Justice Smith as Tim Goodman
Directed by Rob Letterman
Pokémon Detective Pikachu Review #2:
Independence Day. Mission: Impossible. Scream. The beginning of the Pokémon franchise. What do these all have in common you may ask? They all were introduced to consumers in 1996, just as I was brought into this world. But unlike me, the 23-year-old franchise has not only proven to be resilient and timeless for its fans, but also continues to evolve and grow in many new ways, including its 2016 spin-off Detective Pikachu in which the classic gaming franchise got a new mystery twist to its adventure format and proved to be such a unique hit for Nintendo that it sparked interest in developing a new theatrical film for the franchise and reaching a deal to adapt the game into a live-action/CGI hybrid film. After nearly three years of development, casting, filming and a stellar marketing campaign, the highly-anticipated project is finally here and it is mostly a thrill from start to finish.
As a fan of the original franchise, this was one of the most exciting and breathtaking adaptations of the world I could possibly have imagined or wanted. Director Rob Letterman’s commitment to building the world for both longtime fans and potential new fans makes it an easy-to-access universe. While quickly explaining the history of humanity’s connection to the titular creatures and introducing key elements from the gaming’s past, including a hilarious sequence involving a Pokéball and Cubone, it’s an intriguing spin on the classic Pokémon battles from nearly all of the game’s installments.
In addition to a wonderful development of a world in which humans and Pokémon are living in harmony and working together, the visual effects team have done an incredible job at designing over 60 of the near 800 species featured throughout the gaming franchise. They have found a way to blend the original character designs and add further layers and textures to every creature to make them look incredibly realistic, namely the titular yellow hero, who has definitely become even cuter than the games or the original animé series and films could ever make him.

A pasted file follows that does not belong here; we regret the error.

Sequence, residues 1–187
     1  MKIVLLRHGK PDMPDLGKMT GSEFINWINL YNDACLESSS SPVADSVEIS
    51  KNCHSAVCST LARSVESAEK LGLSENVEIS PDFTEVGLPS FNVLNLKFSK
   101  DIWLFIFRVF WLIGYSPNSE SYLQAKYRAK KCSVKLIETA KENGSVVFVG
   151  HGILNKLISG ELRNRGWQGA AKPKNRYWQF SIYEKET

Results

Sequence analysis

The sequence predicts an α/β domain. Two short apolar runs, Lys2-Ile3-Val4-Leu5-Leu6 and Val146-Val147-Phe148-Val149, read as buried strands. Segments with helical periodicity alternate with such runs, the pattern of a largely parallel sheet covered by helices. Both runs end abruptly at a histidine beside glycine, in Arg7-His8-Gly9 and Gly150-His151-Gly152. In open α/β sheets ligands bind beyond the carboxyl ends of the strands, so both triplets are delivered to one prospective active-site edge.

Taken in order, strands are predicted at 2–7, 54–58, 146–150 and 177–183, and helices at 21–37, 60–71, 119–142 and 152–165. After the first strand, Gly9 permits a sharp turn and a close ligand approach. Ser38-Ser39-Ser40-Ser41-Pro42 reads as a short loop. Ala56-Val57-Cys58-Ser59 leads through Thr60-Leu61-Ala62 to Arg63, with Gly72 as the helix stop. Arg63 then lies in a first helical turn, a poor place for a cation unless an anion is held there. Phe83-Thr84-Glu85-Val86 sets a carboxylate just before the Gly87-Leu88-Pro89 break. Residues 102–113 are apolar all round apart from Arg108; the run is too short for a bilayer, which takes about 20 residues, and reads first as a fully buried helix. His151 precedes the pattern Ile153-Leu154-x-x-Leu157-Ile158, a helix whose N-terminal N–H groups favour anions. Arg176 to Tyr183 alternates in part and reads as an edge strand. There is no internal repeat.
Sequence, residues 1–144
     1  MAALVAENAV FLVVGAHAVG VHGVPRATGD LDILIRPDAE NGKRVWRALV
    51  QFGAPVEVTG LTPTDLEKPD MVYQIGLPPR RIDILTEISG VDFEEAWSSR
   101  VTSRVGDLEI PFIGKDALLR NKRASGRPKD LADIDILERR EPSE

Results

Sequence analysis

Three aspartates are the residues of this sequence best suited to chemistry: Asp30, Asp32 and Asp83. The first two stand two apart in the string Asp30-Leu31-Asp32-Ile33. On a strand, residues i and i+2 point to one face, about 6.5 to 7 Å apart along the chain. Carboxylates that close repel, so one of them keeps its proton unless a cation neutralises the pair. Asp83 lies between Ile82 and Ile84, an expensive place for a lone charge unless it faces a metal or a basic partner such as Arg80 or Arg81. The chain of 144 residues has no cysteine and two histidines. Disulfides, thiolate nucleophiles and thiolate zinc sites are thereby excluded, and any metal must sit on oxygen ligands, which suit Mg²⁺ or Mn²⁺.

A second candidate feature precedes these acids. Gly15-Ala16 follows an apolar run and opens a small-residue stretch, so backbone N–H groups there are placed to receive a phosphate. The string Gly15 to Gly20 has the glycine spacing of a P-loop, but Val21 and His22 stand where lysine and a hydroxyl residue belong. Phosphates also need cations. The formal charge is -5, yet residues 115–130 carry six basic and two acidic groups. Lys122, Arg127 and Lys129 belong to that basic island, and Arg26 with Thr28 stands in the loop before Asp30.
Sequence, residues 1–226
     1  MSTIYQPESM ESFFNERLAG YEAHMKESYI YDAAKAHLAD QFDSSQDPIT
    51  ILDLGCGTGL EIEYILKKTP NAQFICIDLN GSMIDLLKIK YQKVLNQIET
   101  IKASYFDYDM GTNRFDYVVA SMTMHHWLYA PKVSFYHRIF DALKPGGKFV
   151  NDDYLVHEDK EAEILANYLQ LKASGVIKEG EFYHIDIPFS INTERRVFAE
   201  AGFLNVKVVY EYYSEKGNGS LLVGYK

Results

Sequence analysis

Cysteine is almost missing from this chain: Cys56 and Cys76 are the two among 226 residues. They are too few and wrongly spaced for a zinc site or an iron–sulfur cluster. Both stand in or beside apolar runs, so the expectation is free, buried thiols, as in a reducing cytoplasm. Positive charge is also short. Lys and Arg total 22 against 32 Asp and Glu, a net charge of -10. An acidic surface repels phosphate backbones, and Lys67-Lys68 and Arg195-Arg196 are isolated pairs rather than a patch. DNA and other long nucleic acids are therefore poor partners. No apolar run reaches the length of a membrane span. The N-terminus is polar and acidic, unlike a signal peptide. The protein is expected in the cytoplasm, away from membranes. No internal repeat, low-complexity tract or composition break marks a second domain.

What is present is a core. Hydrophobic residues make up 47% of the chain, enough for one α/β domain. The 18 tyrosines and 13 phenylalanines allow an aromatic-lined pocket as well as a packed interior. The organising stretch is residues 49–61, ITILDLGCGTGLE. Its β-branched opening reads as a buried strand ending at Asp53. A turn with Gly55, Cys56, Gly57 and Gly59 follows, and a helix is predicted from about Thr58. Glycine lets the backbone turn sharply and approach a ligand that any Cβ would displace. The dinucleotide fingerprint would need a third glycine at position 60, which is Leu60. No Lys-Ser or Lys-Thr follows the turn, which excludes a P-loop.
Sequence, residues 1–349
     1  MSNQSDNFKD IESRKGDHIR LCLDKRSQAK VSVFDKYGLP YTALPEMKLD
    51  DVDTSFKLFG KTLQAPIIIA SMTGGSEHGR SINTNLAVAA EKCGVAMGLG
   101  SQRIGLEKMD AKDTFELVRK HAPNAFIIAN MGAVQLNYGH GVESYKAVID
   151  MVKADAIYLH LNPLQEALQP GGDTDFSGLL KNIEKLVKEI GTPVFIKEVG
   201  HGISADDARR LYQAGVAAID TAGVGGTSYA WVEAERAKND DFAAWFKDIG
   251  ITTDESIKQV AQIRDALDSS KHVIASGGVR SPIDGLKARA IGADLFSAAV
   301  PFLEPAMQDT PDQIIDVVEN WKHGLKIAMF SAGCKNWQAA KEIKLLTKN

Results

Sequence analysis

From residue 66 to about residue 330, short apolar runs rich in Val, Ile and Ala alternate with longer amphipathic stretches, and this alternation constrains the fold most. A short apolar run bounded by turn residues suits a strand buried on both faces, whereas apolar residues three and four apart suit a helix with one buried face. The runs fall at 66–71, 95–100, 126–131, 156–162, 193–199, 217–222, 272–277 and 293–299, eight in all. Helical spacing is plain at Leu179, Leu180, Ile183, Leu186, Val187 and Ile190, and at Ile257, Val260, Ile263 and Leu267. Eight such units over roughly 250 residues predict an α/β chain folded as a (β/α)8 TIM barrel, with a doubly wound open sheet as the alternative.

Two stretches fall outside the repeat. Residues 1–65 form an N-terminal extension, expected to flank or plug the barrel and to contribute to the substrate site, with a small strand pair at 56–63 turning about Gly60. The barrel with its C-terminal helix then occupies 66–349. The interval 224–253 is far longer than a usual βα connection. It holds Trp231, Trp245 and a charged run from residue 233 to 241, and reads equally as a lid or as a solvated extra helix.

When it comes to the cast, everybody has also been perfectly recruited for their roles. Ryan Reynolds, best known for his not-so-secret life as the Merc with a Mouth, brings plenty of his classic quips and edgy humor to the titular role while also giving the role just enough restraint and heart to thrill fans and newcomers alike. Justice Smith, known better on the big screen for his side roles in 2015’s Paper Towns and last year’s Jurassic World: Fallen Kingdom, shines in his first theatrical lead role as he brings plenty of charisma and charm to the role and shows incredible chemistry with Reynolds and digs deep for some truly emotional moments.
The story is the only real area of struggle for the film. In the film, the titular Pokémon teams up with Smith’s Tim Goodman to help solve the mysteries behind Tim’s missing father, a series of attacks from the creatures around Ryme City and the explanation behind his amnesia. It’s a tale rife with potential to be a great neo-noir mystery and Letterman certainly crafts a great genre atmosphere, but unlike most films in said genre, too many of the plot points feel very predictable.
Furthermore, the film’s ending proves to be a real mind-boggler, not only for fans of the story’s potential, but also because we know Legendary Pictures ordered a sequel months ago. Though there are still some threads to be potentially explored for the future, this story is so well-executed as a solo outing that it begs the question of how will they continue past this installment.
In the end, it may not have reached its potential heights, but unlike every prior video game adaptation, Pokémon Detective Pikachu sets itself apart by actually honoring its fanbase with a fairly interesting story and brilliant development of its world and creatures. Stylishly directed by Letterman and wonderfully performed by Reynolds and Smith, the film proves itself to be one of the most visually beautiful films of this year.